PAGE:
What are the costs of dementia diagnosis and care in the UK?

The current cost of dementia to the UK is forecast to be £42 billion in 2024, rising to £90 billion in 2040. Even though the number of people with dementia is growing, we are not investing enough in early diagnosis and face higher overall costs as a result. 

Published May 2024

A new report commissioned by Alzheimer’s Society from Carnall Farrar sets out estimates of current and future economic and healthcare costs of dementia in the UK. It shows the huge impact that dementia has upon our health and social care system and how this will grow significantly in the future. 

The projected rise in dementia prevalence poses a significant healthcare, social care and economic challenge, and highlights the urgent need to prioritise it as a health and care concern. There are currently estimated to be 982,000 people living with dementia in the UK, rising to 1.4 million in 2040.

The costs of dementia rise significantly as the condition progresses. The annual, per person cost for mild dementia is £28,700 compared to £80,500 for severe dementia, driven by increasing need for more complex health, social and unpaid care. If we can increase the time spent in earlier stages of dementia or decrease the length of time for which people require more complex care, the total costs of dementia could be reduced.

Despite strong evidence about the benefits of dementia diagnosis, spending on dementia diagnosis and treatment is equivalent to just 1.4% of total dementia healthcare costs.

An unacceptable amount of the financial burden of dementia is falling on individuals and families - 63% of the total cost of dementia is borne by patients and their families. 

With increasing prevalence, the need for social care and unpaid care is set to increase by 43% by 2040. This is concerning - social care providers already find it challenging to recruit new staff, and the cost and time commitment of unpaid care is already significant with a third of unpaid dementia carers reporting that they spend more than 100 hours per week caring for a dementia patient.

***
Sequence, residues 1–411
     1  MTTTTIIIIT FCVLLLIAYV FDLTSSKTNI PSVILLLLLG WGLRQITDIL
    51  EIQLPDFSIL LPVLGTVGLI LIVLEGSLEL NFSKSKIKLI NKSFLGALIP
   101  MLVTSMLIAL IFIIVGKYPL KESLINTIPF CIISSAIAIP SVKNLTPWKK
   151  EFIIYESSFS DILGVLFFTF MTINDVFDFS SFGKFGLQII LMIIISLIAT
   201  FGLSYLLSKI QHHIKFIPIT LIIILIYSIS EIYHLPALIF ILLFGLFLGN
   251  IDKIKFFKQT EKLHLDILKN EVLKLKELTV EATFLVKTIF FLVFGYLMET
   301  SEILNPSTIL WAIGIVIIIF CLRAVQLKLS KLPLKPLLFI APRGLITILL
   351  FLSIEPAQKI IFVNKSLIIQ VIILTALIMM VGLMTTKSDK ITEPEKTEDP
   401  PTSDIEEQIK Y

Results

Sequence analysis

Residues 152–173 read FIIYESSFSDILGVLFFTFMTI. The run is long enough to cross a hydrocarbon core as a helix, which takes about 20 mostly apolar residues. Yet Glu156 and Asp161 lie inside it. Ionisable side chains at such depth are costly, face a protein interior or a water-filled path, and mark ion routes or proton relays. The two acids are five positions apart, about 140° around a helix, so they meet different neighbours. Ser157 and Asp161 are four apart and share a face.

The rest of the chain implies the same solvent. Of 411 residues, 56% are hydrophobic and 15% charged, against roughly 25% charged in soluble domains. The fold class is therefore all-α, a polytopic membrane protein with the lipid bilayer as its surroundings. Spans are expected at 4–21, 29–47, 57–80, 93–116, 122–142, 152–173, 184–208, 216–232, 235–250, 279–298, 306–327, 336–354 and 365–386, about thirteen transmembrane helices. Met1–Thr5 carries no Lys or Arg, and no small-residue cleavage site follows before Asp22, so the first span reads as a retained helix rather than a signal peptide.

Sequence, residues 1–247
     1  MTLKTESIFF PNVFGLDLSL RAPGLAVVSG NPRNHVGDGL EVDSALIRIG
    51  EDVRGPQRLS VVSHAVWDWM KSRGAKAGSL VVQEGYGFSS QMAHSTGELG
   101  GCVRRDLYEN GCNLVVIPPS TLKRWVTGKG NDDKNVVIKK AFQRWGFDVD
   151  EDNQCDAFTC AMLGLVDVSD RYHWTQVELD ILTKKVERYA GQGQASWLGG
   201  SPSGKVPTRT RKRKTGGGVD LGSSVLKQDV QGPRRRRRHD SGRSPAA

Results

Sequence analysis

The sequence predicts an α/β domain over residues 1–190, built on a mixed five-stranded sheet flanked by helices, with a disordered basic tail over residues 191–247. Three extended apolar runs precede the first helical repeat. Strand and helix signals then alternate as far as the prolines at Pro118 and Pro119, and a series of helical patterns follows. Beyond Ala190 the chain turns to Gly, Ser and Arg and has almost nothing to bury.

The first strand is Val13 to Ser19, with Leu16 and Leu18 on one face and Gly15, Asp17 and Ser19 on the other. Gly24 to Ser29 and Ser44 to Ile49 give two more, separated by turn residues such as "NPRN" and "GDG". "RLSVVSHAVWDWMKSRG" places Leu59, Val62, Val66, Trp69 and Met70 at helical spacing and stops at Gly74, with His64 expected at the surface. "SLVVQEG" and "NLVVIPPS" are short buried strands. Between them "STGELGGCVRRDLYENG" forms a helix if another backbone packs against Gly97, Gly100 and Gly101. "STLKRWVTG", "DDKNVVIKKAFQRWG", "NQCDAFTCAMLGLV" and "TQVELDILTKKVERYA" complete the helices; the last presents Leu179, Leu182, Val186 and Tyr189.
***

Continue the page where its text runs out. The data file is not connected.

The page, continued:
Read the key findings below or download the report.

How many people in the UK have dementia?

  • There are currently estimated to be 982,000 people living with dementia in the UK.
  • This is projected to rise to 1.4 million in 2040.
  • This is due to an ageing population and population growth.

What are the costs of dementia?

  • The cost of dementia in the UK is forecast to be £42 billion in 2024, rising to £90 billion by 2040.
  • The total costs are made up of healthcare costs, social care costs, costs to unpaid care and quality of life and economic losses.
  • Unpaid care is the largest driver of cost of dementia, at 50% of the total costs, followed by social care.
  • Spending on dementia diagnosis and treatment is equivalent to just 1.4% of total dementia healthcare costs.
  • The average per person costs associated with mild, moderate and severe dementia are estimated to be £28,700, £42900, and £80,500 respectively, with increase in cost by severity driven by increasing need of complex care.

What are the costs to families and people with dementia?

  • A high percentage of the costs of dementia, estimated at 63%, are borne by patients and their families.
  • By 2040, 43% more people are expected to receive unpaid care. A third of dementia carers report spending more than 100 hours a week in unpaid care.
  • By 2040, 76,000 more people with dementia are projected to live in a residential home and 30,000 more in a nursing home. Already more than half of social care providers report challenges recruiting new staff.
  • Nearly 50% of people fully fund their own residential and nursing care.

Background to the report

  • This is one of the largest UK studies of healthcare resource utilisation by patients with dementia using a cohort of 26,097 dementia patients across Northwest London
  • The study used a combination of modelling, expert opinion and healthcare records to identify real per person healthcare costs incurred.
  • Patient level data across primary (e.g. GP surgies) and secondary care (e.g. acute hospitals), mental health and community and prescribing was used to identify real person healthcare costs.
  • Costs associated with dementia beyond just health and social care such as quality of life and loss of economic consumption have been included
  • The report includes an estimation of healthcare costs of undiagnosed patients compared to diagnosed patients by analysing two years’ worth of healthcare costs pre-diagnosis.

If you are involved in local or national decision-making and want to talk to us about dementia, please email: [email protected]

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